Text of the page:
A new consortium of five city, county, state and federal agencies has begun a major effort to reduce off-highway vehicle damage and disturbance in the Sedona area. This effort is the initial focus of a larger endeavor called the Greater Sedona Recreation Collaborative (GSRC) whose members include the City of Sedona, Yavapai County, Arizona Game and Fish Department, Arizona State Parks and Trails and the Coconino National Forest-Red Rock Ranger District.

The collaborative was formed last year to pursue potential solutions for a range of local outdoor recreation issues. To date, the group has identified five issues of concern to eventually be addressed including motorized recreation, non-motorized recreation, dispersed camping, mitigating cultural impacts and mitigation of environmental damage. Funding for the project is provided by the City of Sedona, Arizona State Parks and Trails and the Coconino National Forest-Red Rock Ranger District.

A Motorized Recreation Working Group began meeting in January as the initial work of the recreation collaborative. It is examining problems and ways to reduce the disturbance and environmental damage done primarily by off-highway vehicles (OHV). The working group includes 25 selected partners from the collaborating agencies, local outdoor-oriented organizations, OHV rental companies, local citizens, political leaders, rural landowners and law enforcement officers. Keep Sedona Beautiful is a member of the Working Group.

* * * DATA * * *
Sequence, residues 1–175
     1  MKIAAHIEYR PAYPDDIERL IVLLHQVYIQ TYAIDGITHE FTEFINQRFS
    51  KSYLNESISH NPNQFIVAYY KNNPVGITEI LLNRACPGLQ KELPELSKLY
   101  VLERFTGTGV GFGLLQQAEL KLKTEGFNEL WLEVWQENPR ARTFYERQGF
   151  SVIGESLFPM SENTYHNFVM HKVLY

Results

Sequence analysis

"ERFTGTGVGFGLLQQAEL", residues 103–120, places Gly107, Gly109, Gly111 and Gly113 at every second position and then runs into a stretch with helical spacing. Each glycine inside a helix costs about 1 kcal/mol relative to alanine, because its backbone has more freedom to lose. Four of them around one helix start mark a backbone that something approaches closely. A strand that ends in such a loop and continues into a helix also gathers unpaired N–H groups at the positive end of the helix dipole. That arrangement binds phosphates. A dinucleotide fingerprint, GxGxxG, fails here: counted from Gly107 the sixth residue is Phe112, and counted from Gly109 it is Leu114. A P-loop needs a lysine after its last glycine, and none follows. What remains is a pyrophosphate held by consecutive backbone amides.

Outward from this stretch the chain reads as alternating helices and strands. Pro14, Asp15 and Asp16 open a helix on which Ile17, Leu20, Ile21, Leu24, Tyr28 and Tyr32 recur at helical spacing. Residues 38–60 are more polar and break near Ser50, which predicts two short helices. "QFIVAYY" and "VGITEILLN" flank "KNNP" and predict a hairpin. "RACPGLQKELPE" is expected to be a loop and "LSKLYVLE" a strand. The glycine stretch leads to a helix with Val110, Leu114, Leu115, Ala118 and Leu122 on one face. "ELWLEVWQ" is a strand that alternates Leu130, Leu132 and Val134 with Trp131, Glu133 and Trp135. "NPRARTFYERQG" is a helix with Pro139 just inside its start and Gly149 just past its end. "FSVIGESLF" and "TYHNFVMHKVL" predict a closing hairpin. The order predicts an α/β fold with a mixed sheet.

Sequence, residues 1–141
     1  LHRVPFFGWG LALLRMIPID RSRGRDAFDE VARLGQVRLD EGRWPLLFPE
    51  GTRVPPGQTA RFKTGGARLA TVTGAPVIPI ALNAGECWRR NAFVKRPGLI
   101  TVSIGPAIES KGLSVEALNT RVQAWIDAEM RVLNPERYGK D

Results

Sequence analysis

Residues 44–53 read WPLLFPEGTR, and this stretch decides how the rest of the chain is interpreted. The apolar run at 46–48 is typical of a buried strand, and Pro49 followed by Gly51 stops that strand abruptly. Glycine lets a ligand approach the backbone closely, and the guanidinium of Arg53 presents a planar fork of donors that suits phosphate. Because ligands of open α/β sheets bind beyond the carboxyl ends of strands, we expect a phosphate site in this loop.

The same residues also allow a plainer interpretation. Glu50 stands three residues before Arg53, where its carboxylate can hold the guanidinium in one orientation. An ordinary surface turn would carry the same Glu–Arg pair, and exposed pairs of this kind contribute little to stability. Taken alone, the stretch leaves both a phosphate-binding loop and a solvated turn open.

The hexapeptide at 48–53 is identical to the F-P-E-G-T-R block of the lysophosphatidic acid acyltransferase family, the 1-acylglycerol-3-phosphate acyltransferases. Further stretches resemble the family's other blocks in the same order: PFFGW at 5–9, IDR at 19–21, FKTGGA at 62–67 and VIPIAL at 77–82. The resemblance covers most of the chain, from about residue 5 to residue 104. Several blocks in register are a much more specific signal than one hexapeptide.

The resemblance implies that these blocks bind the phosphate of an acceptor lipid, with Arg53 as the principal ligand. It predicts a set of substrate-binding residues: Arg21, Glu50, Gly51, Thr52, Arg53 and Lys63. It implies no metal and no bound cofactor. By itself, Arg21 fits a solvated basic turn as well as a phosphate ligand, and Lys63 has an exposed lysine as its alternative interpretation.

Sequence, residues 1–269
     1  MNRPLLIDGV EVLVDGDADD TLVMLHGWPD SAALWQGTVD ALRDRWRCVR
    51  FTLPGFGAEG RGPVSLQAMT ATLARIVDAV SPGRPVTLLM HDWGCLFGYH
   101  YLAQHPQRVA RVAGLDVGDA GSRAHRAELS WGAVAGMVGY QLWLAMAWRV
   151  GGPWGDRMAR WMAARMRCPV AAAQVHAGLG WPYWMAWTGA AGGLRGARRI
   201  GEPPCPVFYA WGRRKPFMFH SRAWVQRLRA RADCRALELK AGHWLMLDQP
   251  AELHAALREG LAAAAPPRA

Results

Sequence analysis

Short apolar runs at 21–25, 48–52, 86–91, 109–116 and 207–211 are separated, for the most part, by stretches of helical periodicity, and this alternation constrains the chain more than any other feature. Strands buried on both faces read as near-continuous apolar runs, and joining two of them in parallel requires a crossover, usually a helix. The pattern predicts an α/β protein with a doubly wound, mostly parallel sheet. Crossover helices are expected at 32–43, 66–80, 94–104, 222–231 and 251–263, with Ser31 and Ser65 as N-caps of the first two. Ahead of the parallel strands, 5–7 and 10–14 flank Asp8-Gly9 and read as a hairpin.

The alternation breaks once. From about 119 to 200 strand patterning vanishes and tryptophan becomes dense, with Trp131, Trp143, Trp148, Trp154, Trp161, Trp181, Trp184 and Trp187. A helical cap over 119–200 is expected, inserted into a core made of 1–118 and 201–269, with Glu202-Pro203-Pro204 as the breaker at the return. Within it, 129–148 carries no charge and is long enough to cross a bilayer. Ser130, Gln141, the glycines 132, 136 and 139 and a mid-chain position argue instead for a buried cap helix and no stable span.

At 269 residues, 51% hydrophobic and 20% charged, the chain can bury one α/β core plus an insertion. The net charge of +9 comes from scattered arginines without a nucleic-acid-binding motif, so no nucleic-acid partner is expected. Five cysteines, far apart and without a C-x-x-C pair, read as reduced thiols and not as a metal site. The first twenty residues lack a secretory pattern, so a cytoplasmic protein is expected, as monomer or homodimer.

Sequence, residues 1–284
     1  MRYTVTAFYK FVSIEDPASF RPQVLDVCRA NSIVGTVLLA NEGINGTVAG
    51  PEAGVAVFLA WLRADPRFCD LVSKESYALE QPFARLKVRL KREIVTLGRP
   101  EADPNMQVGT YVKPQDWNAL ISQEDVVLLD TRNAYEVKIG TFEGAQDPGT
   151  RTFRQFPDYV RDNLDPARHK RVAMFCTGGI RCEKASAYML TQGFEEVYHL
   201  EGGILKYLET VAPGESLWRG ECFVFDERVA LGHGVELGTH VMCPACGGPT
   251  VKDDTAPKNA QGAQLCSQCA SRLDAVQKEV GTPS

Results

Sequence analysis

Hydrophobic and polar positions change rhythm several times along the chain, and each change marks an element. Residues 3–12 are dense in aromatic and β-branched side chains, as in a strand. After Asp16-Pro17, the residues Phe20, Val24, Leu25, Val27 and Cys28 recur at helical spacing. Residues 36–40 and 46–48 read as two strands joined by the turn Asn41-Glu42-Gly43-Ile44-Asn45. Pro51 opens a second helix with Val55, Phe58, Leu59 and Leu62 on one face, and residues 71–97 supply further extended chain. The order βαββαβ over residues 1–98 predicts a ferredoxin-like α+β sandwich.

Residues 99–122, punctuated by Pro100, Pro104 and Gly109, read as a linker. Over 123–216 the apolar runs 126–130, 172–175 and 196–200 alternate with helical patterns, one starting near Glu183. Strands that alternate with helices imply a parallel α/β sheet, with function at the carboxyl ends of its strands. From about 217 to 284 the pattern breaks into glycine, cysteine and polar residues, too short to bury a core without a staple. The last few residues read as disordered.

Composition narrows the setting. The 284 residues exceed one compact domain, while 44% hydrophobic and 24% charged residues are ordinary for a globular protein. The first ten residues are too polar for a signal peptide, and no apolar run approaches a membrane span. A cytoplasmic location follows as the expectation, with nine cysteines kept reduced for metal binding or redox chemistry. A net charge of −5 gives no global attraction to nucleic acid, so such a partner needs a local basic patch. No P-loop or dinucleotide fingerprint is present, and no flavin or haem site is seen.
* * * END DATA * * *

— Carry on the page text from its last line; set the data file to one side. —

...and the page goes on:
The group has developed a set of Action Teams to address individual elements of this complex problem. Currently operating action teams include Communications and Education, Policy and Legislation, Data Gathering and Monitoring, Environmental Conservation and Restoration and Sustainable Funding. Development of additional teams is anticipated as more needs for action are identified.

The overall process is being facilitated by Southwest Decision Resources (SDR), a team of facilitation and collaboration professionals based in Flagstaff.

An increasing attraction of OHV use on roads, trails and other open land in the greater Sedona area plus nearby population growth has created an escalating level of environmental damage to our area’s fragile resources. Increased disturbance by noise, dust and excessive speed, both inside and outside the city, add to the overall management and regulation challenge. Impacts are spread across jurisdictional boundaries of city, county, state and federal agencies further complicating resolution of the problems.

GSRC member agencies recognize the cross-jurisdictional complexity of recreation management and understand that management strategies implemented in one area often impact other areas or stakeholders. Therefore, to best address these issues, it was essential to develop a collaborative public/private process.

This is not the first time a group has formed in an attempt to address local OHV problems. There have been at least three previous efforts as well as some measures taken by individual agencies and organizations. The Motorized Recreation Working Group is, however, the most inclusive, collaborative and structured endeavor to date.

Even with such an effort, group members recognize this will be a lengthy process in identifying and implementing successful actions to reduce OHV impacts around Sedona.